In a joint effort to combat the growing marketization of health services in Europe, three organizations—the European Public Services Union (EPSU), the European Network Against Commercialization of Health and Social Protection, and the People’s Health Movement (PHM) Europe—have announced a renewed regional campaign. The initiative was announced during a public meeting held on Thursday, September 7, aiming to bring health to the forefront of the European Union’s (EU) agenda. The coalition has expressed deep concern over the EU’s prioritization of financial and fiscal matters, such as free competition and budgetary convergence, over public health.
As a university student living in a country with high living costs such as Sweden, where even a conventional cucumber can cost you 2 Euros, you have to figure out how to get your hands on cheap or free food pretty quickly. For me, dumpster diving, as well as taking home the left-overs of the local student pub where I volunteer as a cook, does the trick. Friends unwilling to climb into dumpsters prefer food-saving apps like „Too Good To Go“ (TGTG) or „Karma“. These apps promise a win-win-win-win situation: restaurants can make money off food they would normally have not been able to sell, customers get good food at a discount price, the apps take a percentage of the revenue, and lastly, food waste and its negative effects on the climate are reduced.
Bloomberg reported on Sunday that California water futures are now officially on the Wall Street markets, with the United States–based CME Group heading up the 2021 contracts connected to the state’s billion-dollar water market. The “commodity” was most recently going for $496 per acre-foot with the main purchasers of the futures—which were first announced by CME in September—expected to be large-scale water consumers, chiefly utility companies and the states’ Big Ag corporations. (California is home to the largest agriculture market in the nation.) “Climate change, droughts, population growth, and pollution are likely to make water scarcity issues and pricing a hot topic for years to come,”...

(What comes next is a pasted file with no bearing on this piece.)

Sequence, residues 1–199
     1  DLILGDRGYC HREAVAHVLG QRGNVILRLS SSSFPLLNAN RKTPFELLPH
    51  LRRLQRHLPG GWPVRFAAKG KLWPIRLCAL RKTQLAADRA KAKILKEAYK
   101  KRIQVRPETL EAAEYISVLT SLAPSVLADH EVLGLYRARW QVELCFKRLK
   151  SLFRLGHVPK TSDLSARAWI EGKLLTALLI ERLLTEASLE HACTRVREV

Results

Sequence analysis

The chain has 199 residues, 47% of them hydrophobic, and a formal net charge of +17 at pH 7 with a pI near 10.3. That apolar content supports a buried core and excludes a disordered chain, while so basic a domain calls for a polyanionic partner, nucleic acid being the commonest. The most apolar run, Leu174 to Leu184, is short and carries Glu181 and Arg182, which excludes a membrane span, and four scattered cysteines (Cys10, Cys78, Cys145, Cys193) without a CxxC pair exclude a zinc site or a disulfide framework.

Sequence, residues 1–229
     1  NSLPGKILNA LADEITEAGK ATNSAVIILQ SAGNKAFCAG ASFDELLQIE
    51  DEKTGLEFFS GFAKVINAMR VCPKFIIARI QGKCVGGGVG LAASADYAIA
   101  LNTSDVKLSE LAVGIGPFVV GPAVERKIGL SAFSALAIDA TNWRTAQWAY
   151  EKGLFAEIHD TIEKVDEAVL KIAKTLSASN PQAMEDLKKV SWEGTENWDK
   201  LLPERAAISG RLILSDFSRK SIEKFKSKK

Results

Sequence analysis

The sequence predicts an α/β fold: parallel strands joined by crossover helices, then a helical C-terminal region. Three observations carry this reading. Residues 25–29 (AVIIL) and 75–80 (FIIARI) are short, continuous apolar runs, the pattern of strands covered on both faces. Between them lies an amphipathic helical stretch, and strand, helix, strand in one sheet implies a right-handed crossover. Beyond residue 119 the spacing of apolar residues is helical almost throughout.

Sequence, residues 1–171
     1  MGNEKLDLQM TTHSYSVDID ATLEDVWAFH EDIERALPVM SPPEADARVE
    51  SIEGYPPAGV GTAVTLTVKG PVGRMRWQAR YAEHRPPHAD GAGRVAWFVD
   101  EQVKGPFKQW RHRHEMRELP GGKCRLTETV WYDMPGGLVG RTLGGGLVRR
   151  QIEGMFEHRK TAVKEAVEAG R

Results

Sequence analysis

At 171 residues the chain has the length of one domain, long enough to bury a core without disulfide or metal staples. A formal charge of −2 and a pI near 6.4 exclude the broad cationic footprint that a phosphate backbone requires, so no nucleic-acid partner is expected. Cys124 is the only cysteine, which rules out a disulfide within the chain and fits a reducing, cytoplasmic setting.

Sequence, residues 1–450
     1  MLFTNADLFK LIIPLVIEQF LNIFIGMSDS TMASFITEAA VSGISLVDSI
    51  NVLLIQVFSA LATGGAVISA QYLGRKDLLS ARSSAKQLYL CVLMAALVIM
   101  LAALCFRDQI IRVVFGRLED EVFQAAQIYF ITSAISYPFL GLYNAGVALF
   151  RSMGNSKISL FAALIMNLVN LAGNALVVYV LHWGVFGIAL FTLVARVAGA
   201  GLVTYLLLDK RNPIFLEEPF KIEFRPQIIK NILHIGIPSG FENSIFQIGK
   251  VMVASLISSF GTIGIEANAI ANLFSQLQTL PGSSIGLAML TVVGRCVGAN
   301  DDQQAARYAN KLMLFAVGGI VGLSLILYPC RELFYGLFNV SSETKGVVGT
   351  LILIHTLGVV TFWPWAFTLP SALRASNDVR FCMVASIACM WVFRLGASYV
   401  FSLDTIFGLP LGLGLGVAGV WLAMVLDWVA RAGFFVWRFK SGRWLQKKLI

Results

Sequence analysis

Iowa is unrecognizable from centuries ago, when Europeans took the land for themselves. What were prairie and wetlands are now neatly partitioned grids of intensely cultivated land: the model for the farm as factory. I was in Iowa last week shooting for the PBS NewsHour Weekend “Future of Food” series. There are some good things going on — and you’ll see them in the segment, which will run later this summer or fall — but I left feeling depressed as hell.
The retail industry is experiencing significant upheaval. Online shopping is expanding rapidly, many national chains have closed locations and even declared bankruptcy, and malls are going dark in record numbers. Headlines have started calling this wave of closures a “historic tipping point” for American retail. However, almost all of the media reporting about these trends has focused on national retail chains. In order to find out how changes in the retail landscape are affecting independent businesses, we decided to ask them. Working with a coalition of national small business trade associations, we conducted a survey that gathered data from over 850 independent retailers across the country in a variety of retail categories.